If you were to judge the Micro Express AL5100 by its elegantly plain, silver-and-black shell, you might not guess what a powerhouse system it is. But the state-of-the-art components hidden beneath its modest facade offers impressive performance.
Screen elements pop onto the screen swiftly, the unit boots like lightning, and 1080p video is smooth as silk. The system costs $1200, but if you have a need for stealthy speed, this laptop will repay your investment.
Probably the most striking feature of the AL5100 is its display: You don’t see many 15.6-inch displays with 1920 by 1080 resolution. In fact, that resolution can make menu and icon text a bit difficult to read. But if you change the settings in Control Panel/Appearance and Personalization/Display to 125%, it’ll be fine even for older eyes.
Though the AL5100’s GPU garnered a nice score, it fizzled slightly at 1920 by 1080 resolution and high or ultra-high detail. But all of the games in our test suite played just fine at resolutions up to 1366 by 768.
Turning to more general performance, the AL5100 recorded a dazzling score of 202 on our WorldBench 7 test suite.
The core components that helped deliver that excellent WorldBench 7 score are an Intel Core i7-3840QM CPU, 16GB of DDR3 1600 RAM, an Nvidia GeForce GT 650M graphics card, and a very fast 240GB Intel solid-state drive. The only component that lags behind the curve is the DVD-RW burner. Blu-ray would be a perfect match for the 1080 display, and its absence here is a bit of a puzzle, setting aside the impulse to achieve a slightly lower price or a slightly higher profit margin. To see movies on this unit, you’ll have to rip them to the internal drive or use an external drive. If you really crave Blu-ray, you can swap in a 2X Blu-ray combo drive for $75 extra. The laptop’s gaming performance was quite good; our test model posted an overall gaming score of 97.
Storage performance impressed us, too, no doubt due in part to the Intel 240GB SSD. It’s a measure of how far SSD prices have come down that we now see SSDs of reasonably large capacity in general-purpose laptops priced at under $1200.
The keyboard on the AL5100 has a very nice feel. Its layout is spacious, though I would have preferred to have the keypad separated a bit more from the main keys. The touchpad’s rough texture is all that distinguishes it from the rest of the keyboard deck. You may like this style decision; I prefer smooth and recessed. The buttons respond audibly and smoothly, and a biometric fingerprint reader sits between them.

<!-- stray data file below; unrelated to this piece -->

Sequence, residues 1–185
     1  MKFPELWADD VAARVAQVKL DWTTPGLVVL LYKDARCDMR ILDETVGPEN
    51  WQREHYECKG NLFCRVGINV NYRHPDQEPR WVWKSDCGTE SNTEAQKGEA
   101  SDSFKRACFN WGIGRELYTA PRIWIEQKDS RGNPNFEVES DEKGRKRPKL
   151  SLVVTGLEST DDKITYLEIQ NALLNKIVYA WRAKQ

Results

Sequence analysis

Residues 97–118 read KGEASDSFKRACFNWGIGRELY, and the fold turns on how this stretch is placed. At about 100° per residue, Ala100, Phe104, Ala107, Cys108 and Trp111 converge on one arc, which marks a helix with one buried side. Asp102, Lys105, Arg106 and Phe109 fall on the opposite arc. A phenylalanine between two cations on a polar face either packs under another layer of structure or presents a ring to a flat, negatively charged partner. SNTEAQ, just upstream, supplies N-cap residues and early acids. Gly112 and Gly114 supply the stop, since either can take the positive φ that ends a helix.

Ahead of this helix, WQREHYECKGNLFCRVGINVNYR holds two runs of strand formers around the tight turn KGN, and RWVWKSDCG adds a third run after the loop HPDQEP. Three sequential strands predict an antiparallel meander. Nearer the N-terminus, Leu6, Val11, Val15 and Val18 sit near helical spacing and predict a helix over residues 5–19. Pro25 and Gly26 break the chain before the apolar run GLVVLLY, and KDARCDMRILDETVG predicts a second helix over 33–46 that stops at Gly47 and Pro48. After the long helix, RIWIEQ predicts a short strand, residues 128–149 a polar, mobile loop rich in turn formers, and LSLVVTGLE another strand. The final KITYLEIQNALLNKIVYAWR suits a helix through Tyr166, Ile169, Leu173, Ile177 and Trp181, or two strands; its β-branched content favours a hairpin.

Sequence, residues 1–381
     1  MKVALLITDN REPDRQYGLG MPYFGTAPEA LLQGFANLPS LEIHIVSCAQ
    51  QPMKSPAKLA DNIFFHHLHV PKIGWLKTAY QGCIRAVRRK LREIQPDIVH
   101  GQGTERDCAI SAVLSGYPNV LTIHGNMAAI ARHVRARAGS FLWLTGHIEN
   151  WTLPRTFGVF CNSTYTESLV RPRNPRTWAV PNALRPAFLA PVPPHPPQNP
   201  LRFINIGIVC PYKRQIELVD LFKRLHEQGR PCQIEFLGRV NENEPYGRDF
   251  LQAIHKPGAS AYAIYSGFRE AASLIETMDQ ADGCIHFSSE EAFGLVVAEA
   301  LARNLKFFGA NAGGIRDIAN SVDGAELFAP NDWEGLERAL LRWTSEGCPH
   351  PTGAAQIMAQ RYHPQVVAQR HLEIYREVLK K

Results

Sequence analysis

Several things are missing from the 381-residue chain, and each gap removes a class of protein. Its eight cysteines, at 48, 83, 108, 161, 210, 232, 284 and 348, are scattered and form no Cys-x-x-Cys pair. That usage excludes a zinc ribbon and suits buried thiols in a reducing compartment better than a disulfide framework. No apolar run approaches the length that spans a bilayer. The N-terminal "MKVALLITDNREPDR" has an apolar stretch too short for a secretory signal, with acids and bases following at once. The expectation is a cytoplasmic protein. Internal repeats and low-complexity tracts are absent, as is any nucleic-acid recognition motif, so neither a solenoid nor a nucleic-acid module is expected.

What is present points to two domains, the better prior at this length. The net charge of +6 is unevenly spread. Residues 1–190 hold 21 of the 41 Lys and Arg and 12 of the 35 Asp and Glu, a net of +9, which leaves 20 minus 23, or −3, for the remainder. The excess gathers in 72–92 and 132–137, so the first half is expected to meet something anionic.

Ports and connectivity are top-notch on the AL5100. You get two USB 3.0 ports on the left side) and two USB 2.0 ports on the right side, along with legacy VGA, HDMI video output, and headphone and microphone jacks. A separate mic next to the webcam lets you forgo use of a headset for audio/video chat. Situated lower than usual on the bottom front of the unit is an SD Card reader that you can easily overlook on first inspection. Other features include gigabit ethernet, 802.11b/g/n Wi-Fi, and Bluetooth 3.0.
Despite carrying a decent-size, 7800mAh battery, the AL5100 ran for only about 4 hours, 41 minutes—considerably less time than some admittedly less-powerful rivals managed. Still, given the high-resolution screen, the quad-core processor, and the overall speed of the laptop’s components, delivering almost coast-to-coast battery life is acceptable. The back-mounted battery extends significantly below the bottom of the laptop to give the AL5100 a nice forward rake that facilitates comfortable typing.
Micro Express provisioned the AL5100 with 64-bit Windows 7 Home Premium, but little in the way of third-party software. The only applications on hand are those in the CyberLink Media Suite, which leverages the DVD drive. The absence of a restore partition is understandable on a 240GB SSD, though having the option would have been nice.
On a different tack, audio through the speakers sounds clear enough, though there’s no subwoofer to provide bass and response is heavily skewed to the midrange. The 2 megapixel CMOS webcam provides a very clear, and surprisingly smooth picture.
The AL5100 features a Trusted Platform Module, though it was disabled in the BIOS on our test unit. Corporate shops will appreciate that, the aforementioned biometrics, and the two-year warranty with a $99 option for a third year.
The AL5100 is extremely fast, has a great display with 1080p resolution, and is state-of-the-art (aside from lacking Blu-ray). The sub-5 hour battery life may be a concern for some prospective buyers; but given the performance level, it’s understandable. The weight of 5.5 pounds isn’t too burdensome for a 15.6-inch laptop, either, though it will certainly seem a bit hefty compared to an Ultrabook. If you need to be up and computing in a hurry, and you don’t want to waste time while you’re at the keyboard, this is a a must-shop laptop.
Jon Jacobi is a musician, former x86/6800 programmer, and long-time computer enthusiast. He writes reviews on TVs, SSDs, dash cams, remote access software, Bluetooth speakers, and sundry other consumer-tech hardware and software.